Sophie Shepherd

February 24, 2015

Using a Pattern Library as a Design Tool

 v3 mockup

Since joining Ushahidi in the beginning of last month, I have been working on the design and front-end code of the new version of their namesake product, the Ushahidi Platform. Version 2 of the platform was released in 2009 and has been used around the world to help people collect, organize, and visualize data. When V3 is finished, it will have six years worth of improvements, including increased functionality and a shiny responsive design.

The greatest strength of the Ushahidi platform is also what creates the most challenges for the design — its flexibility. The platform could be used to track violence in Syria, or to collect dynamic data from water wells in Afghanistan, or just to make a map of where to get a great burger. Data will be displayed as maps, graphs, lists, image collections, etc. It could be in Chinese, English, Arabic, or even multiple languages at once. And the data can be submitted and sorted in a number of ways; for example via SMS or on a slow connection in the middle of a crisis. Needless to say, there is a lot to consider.

Enter the Pattern Library

Prior to joining Ushahidi, I did primarily client work. We would often make pattern libraries after designs had been approved and coded. We would identify patterns, pull them out of the front-end templates, and organize them into a singular reference point. But with client approval taken out of the equation, we can now use the pattern library as a reference for in-progress design work.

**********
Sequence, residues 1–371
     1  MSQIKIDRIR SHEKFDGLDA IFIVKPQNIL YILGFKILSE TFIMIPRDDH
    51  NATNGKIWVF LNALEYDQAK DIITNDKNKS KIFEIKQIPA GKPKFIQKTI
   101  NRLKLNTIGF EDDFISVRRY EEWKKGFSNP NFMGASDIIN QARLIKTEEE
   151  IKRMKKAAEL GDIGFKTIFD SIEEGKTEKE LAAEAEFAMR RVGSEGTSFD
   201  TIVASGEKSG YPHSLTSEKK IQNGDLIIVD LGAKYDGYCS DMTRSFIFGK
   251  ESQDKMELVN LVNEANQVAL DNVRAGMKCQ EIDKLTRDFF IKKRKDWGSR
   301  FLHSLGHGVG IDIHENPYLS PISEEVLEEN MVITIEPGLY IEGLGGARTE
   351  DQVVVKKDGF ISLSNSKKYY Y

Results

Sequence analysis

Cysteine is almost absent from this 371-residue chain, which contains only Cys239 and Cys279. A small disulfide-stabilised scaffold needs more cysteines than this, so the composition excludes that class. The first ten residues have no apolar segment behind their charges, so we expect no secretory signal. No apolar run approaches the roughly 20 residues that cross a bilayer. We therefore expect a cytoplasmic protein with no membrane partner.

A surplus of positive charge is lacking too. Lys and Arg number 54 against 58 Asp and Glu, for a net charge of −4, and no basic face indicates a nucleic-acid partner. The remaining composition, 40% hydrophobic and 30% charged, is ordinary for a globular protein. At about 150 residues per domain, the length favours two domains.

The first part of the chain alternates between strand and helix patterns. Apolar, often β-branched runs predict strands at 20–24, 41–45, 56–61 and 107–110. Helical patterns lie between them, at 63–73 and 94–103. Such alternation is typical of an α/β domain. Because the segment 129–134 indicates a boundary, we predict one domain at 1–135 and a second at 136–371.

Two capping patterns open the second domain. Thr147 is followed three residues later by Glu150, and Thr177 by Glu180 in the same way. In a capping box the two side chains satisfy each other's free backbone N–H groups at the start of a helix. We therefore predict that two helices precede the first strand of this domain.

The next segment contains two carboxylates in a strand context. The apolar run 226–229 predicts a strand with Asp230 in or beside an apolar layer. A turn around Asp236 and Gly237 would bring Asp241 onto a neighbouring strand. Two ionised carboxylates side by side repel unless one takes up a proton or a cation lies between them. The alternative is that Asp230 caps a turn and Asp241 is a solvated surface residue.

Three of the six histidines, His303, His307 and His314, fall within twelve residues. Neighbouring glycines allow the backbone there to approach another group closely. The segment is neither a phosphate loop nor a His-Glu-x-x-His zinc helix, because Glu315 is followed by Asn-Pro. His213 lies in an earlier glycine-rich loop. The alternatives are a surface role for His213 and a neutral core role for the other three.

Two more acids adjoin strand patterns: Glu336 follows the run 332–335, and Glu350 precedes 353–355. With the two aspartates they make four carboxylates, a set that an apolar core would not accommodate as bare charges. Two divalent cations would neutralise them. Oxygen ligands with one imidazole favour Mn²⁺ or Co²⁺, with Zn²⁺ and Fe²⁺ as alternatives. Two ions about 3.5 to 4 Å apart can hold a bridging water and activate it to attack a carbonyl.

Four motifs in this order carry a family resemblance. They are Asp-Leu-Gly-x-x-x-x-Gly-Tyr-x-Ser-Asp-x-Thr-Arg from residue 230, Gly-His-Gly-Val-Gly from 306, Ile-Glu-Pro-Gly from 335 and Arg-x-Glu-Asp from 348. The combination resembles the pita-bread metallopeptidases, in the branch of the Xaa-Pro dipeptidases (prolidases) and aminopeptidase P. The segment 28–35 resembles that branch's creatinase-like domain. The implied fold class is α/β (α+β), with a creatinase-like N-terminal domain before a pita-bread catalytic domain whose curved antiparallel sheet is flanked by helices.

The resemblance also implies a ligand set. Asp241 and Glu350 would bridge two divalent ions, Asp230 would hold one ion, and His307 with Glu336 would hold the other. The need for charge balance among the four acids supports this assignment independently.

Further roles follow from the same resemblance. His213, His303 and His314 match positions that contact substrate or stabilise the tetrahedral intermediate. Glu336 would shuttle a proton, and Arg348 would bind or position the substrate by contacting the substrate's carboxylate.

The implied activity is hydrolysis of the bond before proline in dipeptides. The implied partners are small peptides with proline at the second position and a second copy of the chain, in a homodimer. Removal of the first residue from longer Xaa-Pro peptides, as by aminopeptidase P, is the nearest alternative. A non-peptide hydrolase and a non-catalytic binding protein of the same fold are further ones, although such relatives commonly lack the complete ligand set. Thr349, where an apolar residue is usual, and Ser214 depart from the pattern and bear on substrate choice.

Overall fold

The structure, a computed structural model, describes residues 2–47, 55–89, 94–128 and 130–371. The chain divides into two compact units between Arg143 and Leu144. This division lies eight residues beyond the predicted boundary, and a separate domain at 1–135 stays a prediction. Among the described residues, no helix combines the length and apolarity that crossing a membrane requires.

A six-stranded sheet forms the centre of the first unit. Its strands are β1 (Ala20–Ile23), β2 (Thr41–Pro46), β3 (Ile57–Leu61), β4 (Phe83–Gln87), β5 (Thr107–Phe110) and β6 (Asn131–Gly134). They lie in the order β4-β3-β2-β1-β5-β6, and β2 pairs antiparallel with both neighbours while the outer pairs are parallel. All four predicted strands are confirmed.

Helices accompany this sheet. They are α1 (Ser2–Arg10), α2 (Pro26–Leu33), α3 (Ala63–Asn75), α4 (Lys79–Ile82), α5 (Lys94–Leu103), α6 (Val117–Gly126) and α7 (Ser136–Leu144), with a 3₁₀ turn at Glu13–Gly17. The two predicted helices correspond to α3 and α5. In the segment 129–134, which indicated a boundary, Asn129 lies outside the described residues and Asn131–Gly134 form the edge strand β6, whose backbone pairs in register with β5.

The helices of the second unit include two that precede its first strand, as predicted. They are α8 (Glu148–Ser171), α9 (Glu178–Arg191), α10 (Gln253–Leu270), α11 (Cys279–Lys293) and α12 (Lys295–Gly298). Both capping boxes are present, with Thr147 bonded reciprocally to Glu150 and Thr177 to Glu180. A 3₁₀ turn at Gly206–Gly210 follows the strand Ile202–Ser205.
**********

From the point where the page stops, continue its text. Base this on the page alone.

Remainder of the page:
For the V3 design, I’m still using Photoshop to mock-up some views, at some screen sizes. It’s important for me to see that visual hierarchy is maintained when patterns are combined in layouts. But they get coded and added to the pattern library soon after they are designed. The benefits are many:

DRY Design

Most people are familiar with the principle of DRY (“Don’t Repeat Yourself”) programming, and the same thing should apply for design. This can get difficult when you have multiple PSDs and forget to reference every previously created document to check for reusable patterns. In the past I have avoided repetition by creating a working styles PSD, but now the pattern library has taken its place. For example, with all the button variations in one place, it’s easy to see where they can be consolidated and reused.

Patterns as a design palette

We’re not quite ready yet, but in the near-future, I’ll be able to say “adios amigo!” to Photoshop and create a mockup of a new page directly in the browser, made up of existing patterns dropped into an existing layout. And if a page needs a new pattern, I can design that alone, code it, and then put it in. No more painful hours wasted to update one color across multiple PSDs.

Modular QA

Instead of doing Quality Assurance on a full page, we can QA individual patterns. With so many considerations—accessibility, performance, extensible code, languages with different characters & reading directions, multiple devices—it’s a lot easier to test small patterns instead of full pages. We can guarantee that every pattern is bulletproof, and then create pages freely from there.

Open Source CSS

The Sass/CSS lives in its own repository that will then be referenced by the app itself. With the completed pattern library code kept completely separate, future users will be able to fork it and create their own pattern libraries. Maybe someday we’ll even have a collection of themes that can be applied to the app!

After years of doing only confidential client work, the prospect of working on an open source project is super exciting to me. So, if you’re interested, you can follow along with our progress here: Demo & Repository


+ more